Stoughton, Wisconsin, Citizens Declare “Uff-da Wal-Mart”

Date: 1 Jul 2003 | posted in: Retail | 0 Facebooktwitterredditmail

Residents of Stoughton, Wisconsin, have come together under the banner “Uff-da Wal-Mart” to fight the company’s plans to turn a nearby cornfield into a massive supercenter. Uff-da is a Norwegian expression of disdain.

In mid-July, Uff-da Wal-Mart scored a significant victory when the City Council adopted a 90-day moratorium on big box retail development. The ordinance temporarily bans development of stores larger than 50,000 square feet. It was unanimously endorsed by the Planning Commission and enacted by a 7-5 vote in the City Council.

Stoughton is community of 12,500 about 20 miles southeast of Madison. With significant private and public investment in recent years, the town has managed to maintain its lively downtown—one of the few active Main Streets left in the region.

Earlier this year, Wal-Mart announced plans to build a 200,000-square-foot supercenter on a cornfield just outside of the town’s limits. In order to proceed, Wal-Mart needs the town to annex and re-zone a 185-acre site.

Stoughton already has a small, 40,000-square-foot Wal-Mart. The company has said it will close the store once it opens a new supercenter. A similarly sized Wal-Mart store in Viroqua, Wisconsin, was abandoned five years ago and remains vacant.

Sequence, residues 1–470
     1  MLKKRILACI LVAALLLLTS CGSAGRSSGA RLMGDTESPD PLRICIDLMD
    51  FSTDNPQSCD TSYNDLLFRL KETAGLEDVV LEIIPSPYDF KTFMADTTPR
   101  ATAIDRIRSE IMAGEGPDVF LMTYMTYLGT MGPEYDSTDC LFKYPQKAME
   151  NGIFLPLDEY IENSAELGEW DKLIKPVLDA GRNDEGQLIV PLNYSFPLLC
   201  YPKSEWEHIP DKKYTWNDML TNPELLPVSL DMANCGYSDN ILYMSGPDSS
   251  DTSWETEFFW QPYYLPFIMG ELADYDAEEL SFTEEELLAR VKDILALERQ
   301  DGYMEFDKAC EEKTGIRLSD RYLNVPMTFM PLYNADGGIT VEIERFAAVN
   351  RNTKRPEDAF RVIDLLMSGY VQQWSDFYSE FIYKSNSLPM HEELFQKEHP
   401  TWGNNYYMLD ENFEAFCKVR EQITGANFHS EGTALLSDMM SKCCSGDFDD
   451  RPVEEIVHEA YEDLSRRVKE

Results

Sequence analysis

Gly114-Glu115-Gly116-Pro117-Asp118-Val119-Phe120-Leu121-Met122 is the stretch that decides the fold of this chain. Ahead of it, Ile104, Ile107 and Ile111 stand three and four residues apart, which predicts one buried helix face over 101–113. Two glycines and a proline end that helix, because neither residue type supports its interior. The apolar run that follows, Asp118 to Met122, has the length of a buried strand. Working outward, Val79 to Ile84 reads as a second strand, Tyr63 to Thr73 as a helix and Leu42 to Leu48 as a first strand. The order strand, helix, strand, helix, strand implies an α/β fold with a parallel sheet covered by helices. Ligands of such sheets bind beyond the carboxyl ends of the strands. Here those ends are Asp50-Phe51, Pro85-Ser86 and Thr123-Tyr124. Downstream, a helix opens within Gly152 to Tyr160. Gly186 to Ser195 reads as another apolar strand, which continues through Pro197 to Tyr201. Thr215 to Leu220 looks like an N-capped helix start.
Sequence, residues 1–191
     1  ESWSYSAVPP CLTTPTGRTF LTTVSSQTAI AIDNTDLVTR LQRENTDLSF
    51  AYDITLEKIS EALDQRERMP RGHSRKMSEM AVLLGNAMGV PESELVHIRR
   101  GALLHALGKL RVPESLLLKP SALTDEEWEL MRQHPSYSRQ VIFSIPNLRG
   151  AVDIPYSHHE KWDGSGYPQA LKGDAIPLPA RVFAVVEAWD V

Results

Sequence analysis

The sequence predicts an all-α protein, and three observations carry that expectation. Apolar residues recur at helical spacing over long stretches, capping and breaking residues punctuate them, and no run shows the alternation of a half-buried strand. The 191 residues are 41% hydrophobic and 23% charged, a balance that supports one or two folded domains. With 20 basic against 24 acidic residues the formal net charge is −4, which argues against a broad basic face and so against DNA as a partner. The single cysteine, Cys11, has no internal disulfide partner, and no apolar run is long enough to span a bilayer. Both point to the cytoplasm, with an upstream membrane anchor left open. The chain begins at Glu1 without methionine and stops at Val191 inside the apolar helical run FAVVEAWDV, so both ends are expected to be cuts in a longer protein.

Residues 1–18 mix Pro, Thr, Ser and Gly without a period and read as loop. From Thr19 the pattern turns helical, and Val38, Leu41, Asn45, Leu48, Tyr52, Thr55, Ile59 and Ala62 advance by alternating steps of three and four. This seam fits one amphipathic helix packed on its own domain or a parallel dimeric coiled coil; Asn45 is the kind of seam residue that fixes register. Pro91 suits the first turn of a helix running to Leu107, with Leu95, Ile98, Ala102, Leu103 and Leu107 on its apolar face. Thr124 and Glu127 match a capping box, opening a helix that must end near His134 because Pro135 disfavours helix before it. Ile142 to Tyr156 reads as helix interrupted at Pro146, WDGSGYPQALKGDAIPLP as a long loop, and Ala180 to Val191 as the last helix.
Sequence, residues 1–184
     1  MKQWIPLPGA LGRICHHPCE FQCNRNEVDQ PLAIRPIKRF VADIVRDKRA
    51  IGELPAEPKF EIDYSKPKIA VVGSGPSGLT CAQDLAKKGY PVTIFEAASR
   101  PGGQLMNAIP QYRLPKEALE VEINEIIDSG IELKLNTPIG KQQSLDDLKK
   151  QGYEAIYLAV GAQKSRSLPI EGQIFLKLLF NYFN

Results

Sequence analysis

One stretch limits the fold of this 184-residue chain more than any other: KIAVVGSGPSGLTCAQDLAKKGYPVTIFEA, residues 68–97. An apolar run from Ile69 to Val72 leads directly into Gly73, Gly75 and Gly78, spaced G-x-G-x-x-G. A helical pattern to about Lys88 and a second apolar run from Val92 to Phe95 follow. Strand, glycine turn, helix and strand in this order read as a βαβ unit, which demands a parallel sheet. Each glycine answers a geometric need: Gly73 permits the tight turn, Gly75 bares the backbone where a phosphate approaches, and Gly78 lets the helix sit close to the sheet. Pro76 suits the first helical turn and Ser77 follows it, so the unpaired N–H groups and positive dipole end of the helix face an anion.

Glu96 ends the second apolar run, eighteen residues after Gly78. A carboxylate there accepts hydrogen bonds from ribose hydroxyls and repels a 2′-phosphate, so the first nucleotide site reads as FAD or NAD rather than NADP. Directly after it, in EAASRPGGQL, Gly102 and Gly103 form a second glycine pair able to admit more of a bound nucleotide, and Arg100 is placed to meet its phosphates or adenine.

Uff-da Wal-Mart contends a supercenter will destroy the community’s local businesses and small-town character, exacerbate traffic and storm water run-off, and lead to higher property taxes due to the burden on roads and public services.

The moratorium will give the town time to study the impacts of big box retail and to consider adopting permanent regulations that could, for example, limit the size and location of retail stores and require developers to submit to economic and community impact reviews.

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Stacy Mitchell is co-director of the Institute for Local Self-Reliance and directs its Independent Business Initiative, which produces research and designs policy to counter concentrated corporate power and strengthen local economies.